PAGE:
“All of the proposals will require funding to make them a reality, but LCWIPs are increasingly seen as a key requirement to access Department for Transport funding, so this new plan will strengthen our case for future Government funding for cycling and walking.”
Once funding is secured for specific schemes these will then be subject to local consultation with councillors and the public before progressing to implementation.
Work to develop Shropshire’s LCWIP began in October 2021 and was carried out by City Science Incorporation.
The consultation was agreed at a meeting of Shropshire Council’s Cabinet on 8 March 2023. The committee report and the draft LCWIP can be seen on the meeting agenda.
A summary of the top-scoring proposed schemes for each town within the draft LCWIP.
For Bridgnorth the top scoring schemes are a mix of short connections which support local movements across barriers (e.g. a bridge crossing from the railway station) and longer distance links connecting into the surrounding villages from the town. The highest scoring scheme is provision for cyclists along Whitburn Street, supporting movement into the town centre from the western suburbs.
For Church Stretton the top scoring schemes include provision of shorter (<2km) formalised cycle routes which connect residential areas to the town centre and train station (e.g. a cycle route along the B4371 Sandford Avenue connecting the town centre to eastern suburbs) and longer distance links connecting into the surrounding villages from the town e.g. cycle provision connecting Little Stretton to Church Stretton . The highest scoring scheme is a crossing on Sandford Avenue at the railway station west entrance to support movements from the north.
For Ludlow, top scoring schemes include development of a spinal route through the town centre and along Tower St, Lower Galdeford and Upper Galdeford to Steventon New Rd. Longer distance routes include a cycle route from the town centre along Gravel Hill and Sheet Rd through to Sheet, connecting the Ledwyche Rise residential area to the town centre (this is the highest scoring scheme).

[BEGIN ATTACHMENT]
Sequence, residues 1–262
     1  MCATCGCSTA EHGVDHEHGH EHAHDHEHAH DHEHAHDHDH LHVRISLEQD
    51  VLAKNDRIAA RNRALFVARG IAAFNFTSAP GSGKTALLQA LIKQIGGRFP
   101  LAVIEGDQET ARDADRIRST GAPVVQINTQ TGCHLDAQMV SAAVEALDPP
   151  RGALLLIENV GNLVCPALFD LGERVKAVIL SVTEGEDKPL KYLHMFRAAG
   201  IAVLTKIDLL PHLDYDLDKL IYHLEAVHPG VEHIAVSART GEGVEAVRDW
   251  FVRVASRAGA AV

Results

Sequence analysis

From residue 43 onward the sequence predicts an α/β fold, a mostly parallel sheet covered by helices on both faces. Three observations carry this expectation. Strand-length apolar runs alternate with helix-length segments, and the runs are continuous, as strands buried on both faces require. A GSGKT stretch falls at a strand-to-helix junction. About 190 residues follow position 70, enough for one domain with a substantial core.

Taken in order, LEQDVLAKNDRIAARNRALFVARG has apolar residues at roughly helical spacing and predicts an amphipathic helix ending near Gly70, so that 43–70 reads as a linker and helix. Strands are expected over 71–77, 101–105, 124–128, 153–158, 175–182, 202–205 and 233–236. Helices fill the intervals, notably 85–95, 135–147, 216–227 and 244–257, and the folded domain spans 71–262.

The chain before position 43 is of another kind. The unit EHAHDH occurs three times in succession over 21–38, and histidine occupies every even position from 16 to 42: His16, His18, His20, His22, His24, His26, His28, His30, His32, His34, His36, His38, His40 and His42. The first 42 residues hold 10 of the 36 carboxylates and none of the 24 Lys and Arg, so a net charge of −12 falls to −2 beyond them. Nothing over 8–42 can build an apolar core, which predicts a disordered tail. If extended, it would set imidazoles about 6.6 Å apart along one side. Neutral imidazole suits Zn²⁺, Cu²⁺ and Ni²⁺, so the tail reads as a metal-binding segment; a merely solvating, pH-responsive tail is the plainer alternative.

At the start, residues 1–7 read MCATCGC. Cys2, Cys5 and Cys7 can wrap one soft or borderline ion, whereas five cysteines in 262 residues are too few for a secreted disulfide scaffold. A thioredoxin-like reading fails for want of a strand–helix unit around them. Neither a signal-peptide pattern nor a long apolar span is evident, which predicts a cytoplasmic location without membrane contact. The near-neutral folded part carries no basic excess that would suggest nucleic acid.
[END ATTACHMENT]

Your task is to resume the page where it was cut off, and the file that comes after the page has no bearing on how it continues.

For Market Drayton, top scoring schemes include a number of shorter east-west links (e.g. a route along Bridge Road, Longslow Road and Prospect Road) which connect to a spinal route through the centre of Market Drayton from the Town Centre to the north, along Cheshire Street and Adderley Road. The highest scoring scheme is a dedicated route along Maer Lane which connects the centre of town to a key employment centre.
For Shrewsbury, the top scoring schemes are the Welsh Bridge and A5191 schemes (major access corridors to the centre). The Welsh Bridge has width constraints and will require innovative solutions as the nearby and parallel active travel bridges have accessibility constraints.
On the whole Oswestry scored higher than the other towns, particularly due to potential mode shift and growth. This is likely a result of not having an active railway station, therefore many of the schemes are aiming to link the town centre with the Orthopaedic Hospital and Gobowen station, as well as the industrial estate.
For Whitchurch, the highest performing scheme is along Station Road, enhancing the link between the station and town centre. The second highest scoring scheme is on Claypit Street (Airport Road), supporting access to the Whitchurch Community Hospital.